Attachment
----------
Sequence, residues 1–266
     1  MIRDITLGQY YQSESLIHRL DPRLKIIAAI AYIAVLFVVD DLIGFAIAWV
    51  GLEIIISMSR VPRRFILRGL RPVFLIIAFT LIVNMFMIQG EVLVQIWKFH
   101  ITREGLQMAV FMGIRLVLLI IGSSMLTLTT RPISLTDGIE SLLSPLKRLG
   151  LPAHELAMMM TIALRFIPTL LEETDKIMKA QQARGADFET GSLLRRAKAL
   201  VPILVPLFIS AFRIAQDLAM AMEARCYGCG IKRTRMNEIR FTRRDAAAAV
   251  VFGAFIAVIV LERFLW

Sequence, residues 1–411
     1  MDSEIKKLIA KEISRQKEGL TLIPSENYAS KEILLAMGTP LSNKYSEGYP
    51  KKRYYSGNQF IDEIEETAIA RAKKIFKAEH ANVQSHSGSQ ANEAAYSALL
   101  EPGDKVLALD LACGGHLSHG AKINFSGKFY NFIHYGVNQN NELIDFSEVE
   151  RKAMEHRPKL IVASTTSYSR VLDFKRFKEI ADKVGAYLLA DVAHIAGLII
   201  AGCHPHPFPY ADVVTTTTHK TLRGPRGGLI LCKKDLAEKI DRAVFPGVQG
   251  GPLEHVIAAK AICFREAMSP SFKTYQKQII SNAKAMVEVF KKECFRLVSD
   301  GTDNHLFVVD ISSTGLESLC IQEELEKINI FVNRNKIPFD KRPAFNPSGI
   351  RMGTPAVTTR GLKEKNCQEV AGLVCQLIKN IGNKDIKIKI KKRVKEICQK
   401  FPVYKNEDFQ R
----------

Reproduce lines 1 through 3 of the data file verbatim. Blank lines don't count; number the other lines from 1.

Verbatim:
Sequence, residues 1–266
     1  MIRDITLGQY YQSESLIHRL DPRLKIIAAI AYIAVLFVVD DLIGFAIAWV
    51  GLEIIISMSR VPRRFILRGL RPVFLIIAFT LIVNMFMIQG EVLVQIWKFH